Though meat is a great source of iron, variety is important, too, since different foods bring different nutrients to the table. For instance, lentils deliver fiber along with iron, while cooked spinach adds vitamins A and K.

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Iron Rich Foods

Iron Power

During pregnancy and when there is excessive blood loss, such as heavy menstruation, a woman’s body requires more iron. The recommended dietary allowance for pregnancy and women under 51 years of age is 15 milligrams per day. Most prenatal vitamins contain more than this amount.

Anemia is present when there is a reduced amount of red blood cells circulating in the blood, which reduces the amount of oxygen carried in the blood. Anemic women may require more than the normal amount of iron so that the body can make more blood cells and improve oxygen levels. Iron also promotes the immune system and helps to build protein in the body. Symptoms of anemia include fatigue, pale skin, headache, weakness, and irritability. There are other types of anemia that are not caused by a lack of iron alone. Your doctor will take lab tests to determine what type you may have.

Iron is best absorbed when it comes from animal sources, but plants also contain iron. Organic meats, such as liver and kidneys, are high in iron but are also high in cholesterol, and some nutrition experts believe that they are also high in toxins. Therefore, they may not be the best choice. Eating vitamin C-rich food along with iron-rich foods helps to increase absorption. Some foods high in vitamin C are tomatoes and tomato juice, oranges and orange juice, cantaloupe, strawberries, green and red peppers, and broccoli. For example, drinking orange juice after eating your fortified breakfast cereal will increase total absorption. Tomato sauce with ground beef will have the same effect. Combining rice, beans, and tomatoes will boost iron absorption, also. Do not drink coffee or tea with your meals as both regular and decaffeinated can reduce absorption.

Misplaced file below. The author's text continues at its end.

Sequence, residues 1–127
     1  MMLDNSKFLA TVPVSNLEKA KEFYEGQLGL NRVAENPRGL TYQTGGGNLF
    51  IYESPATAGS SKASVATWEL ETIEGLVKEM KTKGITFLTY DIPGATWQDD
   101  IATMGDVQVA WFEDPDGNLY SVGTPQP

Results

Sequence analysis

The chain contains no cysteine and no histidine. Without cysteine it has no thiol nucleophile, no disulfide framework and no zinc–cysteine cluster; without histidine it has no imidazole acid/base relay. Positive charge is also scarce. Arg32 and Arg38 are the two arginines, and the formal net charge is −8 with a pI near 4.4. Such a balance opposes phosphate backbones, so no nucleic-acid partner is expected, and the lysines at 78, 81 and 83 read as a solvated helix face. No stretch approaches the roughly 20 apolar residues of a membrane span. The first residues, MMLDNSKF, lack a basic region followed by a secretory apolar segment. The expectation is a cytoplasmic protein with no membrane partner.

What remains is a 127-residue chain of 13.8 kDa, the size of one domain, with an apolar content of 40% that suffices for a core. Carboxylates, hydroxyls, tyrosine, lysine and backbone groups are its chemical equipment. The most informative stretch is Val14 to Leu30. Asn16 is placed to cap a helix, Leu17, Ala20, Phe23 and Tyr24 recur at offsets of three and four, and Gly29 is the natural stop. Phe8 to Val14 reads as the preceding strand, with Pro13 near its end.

Iron-Rich Foods from Animal Sources

Beef, cooked (3 oz.)3 mg
Shrimp, cooked (3 oz.)3 mg
Poultry, cooked (3 oz.)1 mg
Pork, cooked (3 oz.)1 mg
Fish, cooked (3 oz.)1 mg
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Iron-Rich Foods from Plant Sources

Fortified breakfast cereal (1/2 cup)2-18 mg (check the nutritional label)
Apricots, dried (1/2 cup)3.6 mg
Molasses, blackstrap (1 tablespoon)3.5 mg
Spinach, cooked (1/2 cup)3.2 mg
Potato, baked in skin (1 medium)2.8 mg
Prune juice (1/4 cup) Drledbeans, cooked (1/2 cup)2.6 mg
Nuts and seeds (1 oz)2.6 mg
Enriched Rice, cooked (1/2 cup)1.5-2 mg